"[O]cean of supernatural energy . . . Power/ Beauty/ Zauberfluidum . . . . Zauberfluidum Brahman R.t.a. Wakan Orenda"--Notes in Tolkien's draft of On Fairy-Stories
“Fairie . . . is the occult power in nature behind the usable and tangible appearances of things which may tend or pretend to tap, but in which and by which fairies have their being” from Manuscript B of On Fairy-Stories
a realm of beautiful peril and enchantment
is not supernatural (i.e. Heaven or Hell) but about a realm deeply tied to
the natural realms.
are more like humans than Draytonian sprites.
really about fairies or elves, especially diminutive ones
; the true
definition of elves is more like that of John Gower.
human aventure within the realm of FaŽrie
[aventure (French): adventure, but also hazard and peril.]
taken seriously within this realm
Magic must not be mocked; this violates one of the key principles of FaŽrie
because it essentially explains it away.
travelersí tales, dream projections, or beast fables; rather, where the
marvelous is true.
is the Origin of Fairy-Stories?
The folklore approach tends to focus on historical context
and/or sort by motifs and thereby ignore literary values,
Which is not to deny that the "Tree of Tales" has
a fascination not unlike the philologist's love of language
derives from a mixture of "independent invention," "inheritance" from previous
traditions, and a "diffusion" of strands of story within the soup of
proceeds language in some sense, and the gift of language makes story possible.
Mind, language, and story are "coeval."
faculty of sub-creation, that is the craft of making of new forms of art,
makes the realms of FaŽrie into forms of story.
MŁller's nature theory: personality,
not abstraction, is the key to good story.
real distinction between high and low mythology, or between myth and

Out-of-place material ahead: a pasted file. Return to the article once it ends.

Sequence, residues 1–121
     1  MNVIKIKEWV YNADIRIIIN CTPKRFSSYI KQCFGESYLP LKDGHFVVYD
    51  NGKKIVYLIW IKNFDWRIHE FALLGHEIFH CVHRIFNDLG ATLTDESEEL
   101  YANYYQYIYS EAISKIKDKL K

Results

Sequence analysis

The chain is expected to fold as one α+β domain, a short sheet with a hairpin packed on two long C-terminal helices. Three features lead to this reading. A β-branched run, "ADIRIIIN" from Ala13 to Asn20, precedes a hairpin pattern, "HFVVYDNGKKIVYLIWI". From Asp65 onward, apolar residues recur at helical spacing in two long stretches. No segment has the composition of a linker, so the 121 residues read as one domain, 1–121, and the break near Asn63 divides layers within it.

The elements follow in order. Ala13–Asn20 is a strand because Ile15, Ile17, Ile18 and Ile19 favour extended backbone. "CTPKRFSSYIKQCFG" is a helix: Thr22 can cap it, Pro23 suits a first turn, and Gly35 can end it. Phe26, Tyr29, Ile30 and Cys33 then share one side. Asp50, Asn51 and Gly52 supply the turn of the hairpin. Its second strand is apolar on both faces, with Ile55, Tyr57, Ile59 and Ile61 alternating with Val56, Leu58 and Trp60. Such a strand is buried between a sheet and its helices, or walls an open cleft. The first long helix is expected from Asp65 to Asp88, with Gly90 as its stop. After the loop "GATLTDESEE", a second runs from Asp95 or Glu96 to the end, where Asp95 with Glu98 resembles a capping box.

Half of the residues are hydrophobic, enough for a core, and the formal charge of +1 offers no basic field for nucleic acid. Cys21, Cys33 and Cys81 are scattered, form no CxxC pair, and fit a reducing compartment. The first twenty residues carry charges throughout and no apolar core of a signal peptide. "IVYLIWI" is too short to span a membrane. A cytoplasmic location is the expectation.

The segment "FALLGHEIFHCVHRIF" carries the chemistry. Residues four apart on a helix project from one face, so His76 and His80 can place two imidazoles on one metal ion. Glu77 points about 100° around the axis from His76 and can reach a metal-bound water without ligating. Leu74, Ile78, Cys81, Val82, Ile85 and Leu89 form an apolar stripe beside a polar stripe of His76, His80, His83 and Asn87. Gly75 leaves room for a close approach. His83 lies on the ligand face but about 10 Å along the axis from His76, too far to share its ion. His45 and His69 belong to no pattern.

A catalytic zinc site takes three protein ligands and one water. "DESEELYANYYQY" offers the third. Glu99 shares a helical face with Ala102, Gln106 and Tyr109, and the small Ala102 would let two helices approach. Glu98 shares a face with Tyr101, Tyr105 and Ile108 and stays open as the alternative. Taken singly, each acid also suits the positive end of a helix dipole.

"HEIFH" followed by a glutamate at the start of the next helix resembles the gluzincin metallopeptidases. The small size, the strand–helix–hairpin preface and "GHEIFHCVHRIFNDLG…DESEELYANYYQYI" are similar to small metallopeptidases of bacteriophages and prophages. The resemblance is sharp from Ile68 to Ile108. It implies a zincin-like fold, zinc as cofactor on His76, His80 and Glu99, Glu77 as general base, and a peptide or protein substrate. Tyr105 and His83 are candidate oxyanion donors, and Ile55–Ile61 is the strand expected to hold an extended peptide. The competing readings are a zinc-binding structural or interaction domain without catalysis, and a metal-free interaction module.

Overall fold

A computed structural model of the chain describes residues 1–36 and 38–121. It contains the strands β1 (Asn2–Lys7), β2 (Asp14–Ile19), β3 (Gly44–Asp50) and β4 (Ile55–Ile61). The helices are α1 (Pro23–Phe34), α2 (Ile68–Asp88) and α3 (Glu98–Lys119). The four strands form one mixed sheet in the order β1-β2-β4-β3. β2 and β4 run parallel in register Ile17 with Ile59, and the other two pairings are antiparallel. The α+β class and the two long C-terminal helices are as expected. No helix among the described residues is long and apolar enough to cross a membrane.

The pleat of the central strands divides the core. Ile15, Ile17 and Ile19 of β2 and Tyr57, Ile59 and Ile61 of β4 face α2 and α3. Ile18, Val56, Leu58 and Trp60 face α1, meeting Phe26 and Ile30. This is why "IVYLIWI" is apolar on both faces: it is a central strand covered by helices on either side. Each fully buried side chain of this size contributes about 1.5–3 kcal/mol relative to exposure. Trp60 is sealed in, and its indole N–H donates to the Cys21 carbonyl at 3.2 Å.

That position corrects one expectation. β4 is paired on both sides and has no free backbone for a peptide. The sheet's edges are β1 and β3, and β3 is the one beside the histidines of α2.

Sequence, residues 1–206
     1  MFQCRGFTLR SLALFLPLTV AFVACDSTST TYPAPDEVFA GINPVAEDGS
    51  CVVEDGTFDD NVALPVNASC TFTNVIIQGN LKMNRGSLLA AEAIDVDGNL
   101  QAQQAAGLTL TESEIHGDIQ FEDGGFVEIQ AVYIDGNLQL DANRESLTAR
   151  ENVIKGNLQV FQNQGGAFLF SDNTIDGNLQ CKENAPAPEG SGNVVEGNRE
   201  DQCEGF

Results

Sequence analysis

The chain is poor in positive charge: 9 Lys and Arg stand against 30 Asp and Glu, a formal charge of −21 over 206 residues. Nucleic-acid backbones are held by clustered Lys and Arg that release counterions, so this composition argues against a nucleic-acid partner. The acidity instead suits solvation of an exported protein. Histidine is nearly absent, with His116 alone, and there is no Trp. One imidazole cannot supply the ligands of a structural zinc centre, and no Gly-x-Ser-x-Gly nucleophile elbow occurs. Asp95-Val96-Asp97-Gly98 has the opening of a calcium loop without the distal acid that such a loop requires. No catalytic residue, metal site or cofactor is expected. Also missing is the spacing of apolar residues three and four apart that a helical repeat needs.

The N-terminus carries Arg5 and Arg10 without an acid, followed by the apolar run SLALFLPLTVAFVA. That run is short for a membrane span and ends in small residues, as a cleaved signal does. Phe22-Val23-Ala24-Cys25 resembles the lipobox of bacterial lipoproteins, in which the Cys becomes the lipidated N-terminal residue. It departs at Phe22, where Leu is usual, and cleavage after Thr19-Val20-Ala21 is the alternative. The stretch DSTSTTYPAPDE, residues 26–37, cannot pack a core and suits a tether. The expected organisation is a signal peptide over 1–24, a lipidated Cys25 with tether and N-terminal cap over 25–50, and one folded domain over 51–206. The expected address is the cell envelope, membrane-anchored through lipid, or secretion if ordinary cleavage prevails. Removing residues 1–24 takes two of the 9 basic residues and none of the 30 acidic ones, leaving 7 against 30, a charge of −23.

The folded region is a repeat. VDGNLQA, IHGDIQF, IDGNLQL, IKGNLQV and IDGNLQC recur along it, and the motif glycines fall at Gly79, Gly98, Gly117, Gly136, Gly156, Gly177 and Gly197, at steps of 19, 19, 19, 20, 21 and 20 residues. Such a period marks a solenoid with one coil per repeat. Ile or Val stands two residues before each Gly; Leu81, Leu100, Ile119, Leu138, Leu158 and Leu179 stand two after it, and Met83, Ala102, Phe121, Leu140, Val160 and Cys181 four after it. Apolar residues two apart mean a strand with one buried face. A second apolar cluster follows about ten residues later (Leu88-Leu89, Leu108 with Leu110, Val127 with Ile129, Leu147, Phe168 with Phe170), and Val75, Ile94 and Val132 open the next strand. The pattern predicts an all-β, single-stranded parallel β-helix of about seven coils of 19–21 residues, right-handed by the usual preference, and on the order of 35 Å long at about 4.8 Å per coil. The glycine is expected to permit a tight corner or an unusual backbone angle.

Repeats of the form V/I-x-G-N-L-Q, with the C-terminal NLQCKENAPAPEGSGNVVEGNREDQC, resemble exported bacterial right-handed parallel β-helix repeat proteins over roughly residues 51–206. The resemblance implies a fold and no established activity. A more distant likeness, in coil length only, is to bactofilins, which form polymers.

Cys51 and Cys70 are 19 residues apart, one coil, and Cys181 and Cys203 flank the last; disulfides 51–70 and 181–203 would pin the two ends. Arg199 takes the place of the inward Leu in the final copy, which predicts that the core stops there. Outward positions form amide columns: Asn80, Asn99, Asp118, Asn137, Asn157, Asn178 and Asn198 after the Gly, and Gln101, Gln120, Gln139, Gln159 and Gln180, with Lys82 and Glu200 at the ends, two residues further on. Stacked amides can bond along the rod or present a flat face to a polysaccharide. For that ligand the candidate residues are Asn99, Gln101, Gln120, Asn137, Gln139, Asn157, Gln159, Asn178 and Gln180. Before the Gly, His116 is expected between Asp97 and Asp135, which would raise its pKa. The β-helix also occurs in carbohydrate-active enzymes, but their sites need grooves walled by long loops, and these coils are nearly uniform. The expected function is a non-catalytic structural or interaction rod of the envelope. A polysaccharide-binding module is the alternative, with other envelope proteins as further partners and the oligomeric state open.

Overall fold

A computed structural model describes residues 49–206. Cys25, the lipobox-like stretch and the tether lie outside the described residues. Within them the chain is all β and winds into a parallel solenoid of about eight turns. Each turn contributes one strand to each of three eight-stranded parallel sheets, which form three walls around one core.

faces to fairy-stories
(the key element)
of scorn and pity towards Man
Cauldron of Story can not be ranked or methodized, for history and fiction
are both put into the pot.
History and fiction are created out of the same human elements.
cooks/authors are selective in what they use from the pot.
opens a door on other time or outside time; thus, the appeal of the
is the Use/Value of Fairy-Stories?
is no essential connection between children and fantasy
are only immature adults; much of what is attractive in fairy stories to
children is also at a higher level attractive to adults of a certain
of children and fairy stories is simply an "accident of domestic history."
is needed is an appetite for marvels
a suspension of disbelief, but a entrance/belief in the secondary world of
This taste for fantasy is neither child-like nor primitive (as Lang
not concerned so much with possibility as desirability.
hunger for the Other World is at the heart of much FaŽrie (e.g. the
and justice are both present in such worlds, and fairy stories should
encourage growth in children, as it should in adults.
is the mental power of image-making, not the Romantic notion of a power
that gives created works an internal consistency.
craft is the link between imagination and the final product of a sub-creation.
is both that faculty that brings "inner consistency" to a secondary world